Project in Brief

The Queensland Climate Ready (QCR) Program was established in August 2018 and is a partnership project between Griffith University and the Department of Environment and Science (DES) to strengthen institutional climate risk management within the Queensland Government. The QCR Program sits under the Climate Ready Initiative which is a social impact initiative under Griffith Climate Action Beacon aiming to shape a climate ready future.

The Program works in partnership to help advance the Queensland Government’s:

  1. Understanding of climate change risks and capacity to manage these.
  2. Capability to deal with climate risks in a coordinated and consistent way across government.
  3. Progress on priority climate risks based on the best available knowledge, skills, and resources.

Need for the project?

The Program supports delivery of the Queensland Climate Action Plan 2020-2030 (QCAP), which requires Queensland Government agencies to report their climate change actions and identify and manage climate risks. To read more about Queensland Government commitments to climate change, click here.

Example climate change impacts for Queensland are displayed in Figure 1. These impacts have the potential to exacerbate existing risks and create new operational risks and opportunities for government agencies.  Climate risk can disrupt public sector administration by affecting financial security, insurability, and legal liability as well as the ability of agencies to deliver on their strategic objectives if not managed.

What has been happening?

Phase 1 of the Program (2018-2021) included working with four pilot agencies to undertake climate risk baseline assessments of their agency which was effective in raising awareness and building agency capacity in climate risk management. The process helped agencies to identify both gaps and good work that was already underway. Griffith staff managed and delivered the program and provided a critical friend role that included: expertise; support; guidance; and a whole-of-government perspective. Phase 1 demonstrated critical steps to advancing climate risk management at the agency level, setting the strategic challenge, undertaking a baseline assessment, and ensuring there is an institutional strengthening process. Other achievements across Phase 1 included the establishment of a Core Partners Working Group comprising central agencies and delivery of two government knowledge sharing symposiums that engaged all agencies and 80-100 attendees at each one. These events raised awareness of the program and provided an opportunity to strengthen climate risk dialogue across government.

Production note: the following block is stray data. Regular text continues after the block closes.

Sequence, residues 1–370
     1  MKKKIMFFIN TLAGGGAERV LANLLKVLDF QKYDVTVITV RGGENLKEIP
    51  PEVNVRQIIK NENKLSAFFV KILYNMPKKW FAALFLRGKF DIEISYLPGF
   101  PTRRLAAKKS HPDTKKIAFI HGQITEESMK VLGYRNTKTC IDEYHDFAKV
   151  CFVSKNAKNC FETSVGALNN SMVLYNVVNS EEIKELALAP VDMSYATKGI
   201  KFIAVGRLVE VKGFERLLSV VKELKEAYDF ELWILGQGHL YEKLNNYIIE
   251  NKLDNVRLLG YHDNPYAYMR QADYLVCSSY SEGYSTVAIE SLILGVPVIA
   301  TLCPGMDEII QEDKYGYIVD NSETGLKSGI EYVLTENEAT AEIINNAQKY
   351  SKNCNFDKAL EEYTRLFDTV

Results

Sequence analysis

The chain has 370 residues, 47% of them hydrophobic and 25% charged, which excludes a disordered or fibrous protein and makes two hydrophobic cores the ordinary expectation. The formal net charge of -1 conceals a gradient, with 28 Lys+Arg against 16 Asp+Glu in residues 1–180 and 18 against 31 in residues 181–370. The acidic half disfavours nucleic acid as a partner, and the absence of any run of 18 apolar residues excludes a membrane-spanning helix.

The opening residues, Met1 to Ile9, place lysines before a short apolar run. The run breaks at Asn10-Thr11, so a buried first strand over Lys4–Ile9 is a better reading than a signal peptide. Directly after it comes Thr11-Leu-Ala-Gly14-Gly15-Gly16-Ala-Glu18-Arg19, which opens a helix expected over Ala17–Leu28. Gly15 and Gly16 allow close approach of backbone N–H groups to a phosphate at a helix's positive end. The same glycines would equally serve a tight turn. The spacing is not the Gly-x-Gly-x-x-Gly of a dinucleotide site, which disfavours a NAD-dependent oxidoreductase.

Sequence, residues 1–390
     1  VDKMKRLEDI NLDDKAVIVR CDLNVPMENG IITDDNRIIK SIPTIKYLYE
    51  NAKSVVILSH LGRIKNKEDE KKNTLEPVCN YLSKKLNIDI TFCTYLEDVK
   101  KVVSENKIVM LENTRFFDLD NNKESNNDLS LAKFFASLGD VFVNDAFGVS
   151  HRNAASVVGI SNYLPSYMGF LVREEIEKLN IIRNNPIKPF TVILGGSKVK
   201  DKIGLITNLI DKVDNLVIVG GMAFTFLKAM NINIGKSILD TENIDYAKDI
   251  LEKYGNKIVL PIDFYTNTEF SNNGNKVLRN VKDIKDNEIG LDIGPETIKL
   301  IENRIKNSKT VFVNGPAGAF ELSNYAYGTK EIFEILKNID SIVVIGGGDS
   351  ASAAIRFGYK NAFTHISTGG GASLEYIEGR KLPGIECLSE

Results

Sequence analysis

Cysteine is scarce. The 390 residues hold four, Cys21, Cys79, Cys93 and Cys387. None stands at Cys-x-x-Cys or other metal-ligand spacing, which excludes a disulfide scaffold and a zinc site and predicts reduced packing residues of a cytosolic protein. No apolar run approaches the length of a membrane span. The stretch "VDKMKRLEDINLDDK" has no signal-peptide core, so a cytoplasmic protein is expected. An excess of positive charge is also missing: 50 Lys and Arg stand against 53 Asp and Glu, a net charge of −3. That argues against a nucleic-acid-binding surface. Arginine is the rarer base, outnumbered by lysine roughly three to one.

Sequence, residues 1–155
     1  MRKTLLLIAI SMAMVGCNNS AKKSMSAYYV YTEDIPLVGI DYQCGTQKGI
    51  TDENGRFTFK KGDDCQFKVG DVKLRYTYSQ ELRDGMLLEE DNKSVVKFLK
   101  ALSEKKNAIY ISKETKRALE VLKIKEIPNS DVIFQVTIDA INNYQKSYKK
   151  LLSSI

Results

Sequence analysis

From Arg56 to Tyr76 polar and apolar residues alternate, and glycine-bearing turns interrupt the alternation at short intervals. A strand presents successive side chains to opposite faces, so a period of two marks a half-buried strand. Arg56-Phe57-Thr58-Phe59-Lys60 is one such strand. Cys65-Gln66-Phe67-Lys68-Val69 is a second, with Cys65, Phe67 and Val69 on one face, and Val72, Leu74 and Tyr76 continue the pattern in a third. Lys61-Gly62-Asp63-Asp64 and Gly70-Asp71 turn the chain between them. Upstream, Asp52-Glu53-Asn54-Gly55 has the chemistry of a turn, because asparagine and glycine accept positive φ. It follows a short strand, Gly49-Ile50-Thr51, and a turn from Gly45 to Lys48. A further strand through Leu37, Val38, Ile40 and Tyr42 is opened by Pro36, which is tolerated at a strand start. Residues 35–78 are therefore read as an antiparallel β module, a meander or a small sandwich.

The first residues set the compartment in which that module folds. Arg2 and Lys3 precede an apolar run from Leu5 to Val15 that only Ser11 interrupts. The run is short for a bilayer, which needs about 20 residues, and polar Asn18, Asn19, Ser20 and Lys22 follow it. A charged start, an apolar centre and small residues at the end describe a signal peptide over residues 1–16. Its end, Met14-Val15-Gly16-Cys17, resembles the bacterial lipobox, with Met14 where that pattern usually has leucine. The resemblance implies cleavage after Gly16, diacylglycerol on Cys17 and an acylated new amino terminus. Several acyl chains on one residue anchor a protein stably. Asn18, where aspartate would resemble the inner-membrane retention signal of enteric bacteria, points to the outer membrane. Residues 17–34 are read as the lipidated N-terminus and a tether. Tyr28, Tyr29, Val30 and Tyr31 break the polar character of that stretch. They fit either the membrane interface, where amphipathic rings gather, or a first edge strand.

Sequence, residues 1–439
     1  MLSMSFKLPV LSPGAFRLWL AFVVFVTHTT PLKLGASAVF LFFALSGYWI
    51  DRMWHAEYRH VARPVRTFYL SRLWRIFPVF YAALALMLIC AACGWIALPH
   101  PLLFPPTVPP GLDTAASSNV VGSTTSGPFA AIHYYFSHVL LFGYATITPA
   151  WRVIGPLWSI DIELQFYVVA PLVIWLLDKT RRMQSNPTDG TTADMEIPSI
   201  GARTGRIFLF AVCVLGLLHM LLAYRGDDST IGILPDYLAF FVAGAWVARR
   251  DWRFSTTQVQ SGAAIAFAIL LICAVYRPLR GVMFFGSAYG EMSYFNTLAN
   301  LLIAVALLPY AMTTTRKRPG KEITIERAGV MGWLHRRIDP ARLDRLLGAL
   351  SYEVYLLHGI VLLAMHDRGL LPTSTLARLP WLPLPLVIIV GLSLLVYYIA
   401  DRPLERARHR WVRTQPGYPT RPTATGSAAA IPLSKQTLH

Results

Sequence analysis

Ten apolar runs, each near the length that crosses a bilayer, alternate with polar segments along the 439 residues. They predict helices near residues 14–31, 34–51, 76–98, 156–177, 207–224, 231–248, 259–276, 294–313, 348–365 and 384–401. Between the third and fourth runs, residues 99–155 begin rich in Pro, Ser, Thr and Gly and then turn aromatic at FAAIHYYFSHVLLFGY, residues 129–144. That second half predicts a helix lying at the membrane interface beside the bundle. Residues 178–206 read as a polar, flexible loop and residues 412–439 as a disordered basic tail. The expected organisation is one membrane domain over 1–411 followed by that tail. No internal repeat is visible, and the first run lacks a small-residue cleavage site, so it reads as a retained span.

What is the current focus?

Phase 2 of the QCR Program commenced in June 2021 and delivered a third symposium and has engaged two new agencies to undertake baseline assessments. The QCR Program is also developing two guidance documents:

  • A high-level strategic framework for an agency that frames a coordinated and consolidated approach to managing climate change and climate risk, that considers and addresses climate adaptation and mitigation.
  • A detailed climate risk management guideline for government agencies to help advance their climate risk management in line with the Queensland Climate Adaptation Strategy and contemporary best practice.

We are looking forward to progressing deliverables to the end of 2022 and are planning how we can continue to have an impact in 2023 and beyond.

More Information

If you would like more information on the QCR Program, please contact the Project Manager Cheryl Briars: [email protected]

Credit Griffith University

Climate change impacts for Queensland

Who is involved?

The project is a partnership between Griffith University and the Queensland Government Department of Environment and Science.

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Top Photo : Brisbane from the Gallery of Modern Art. Image: Jaana Dielenberg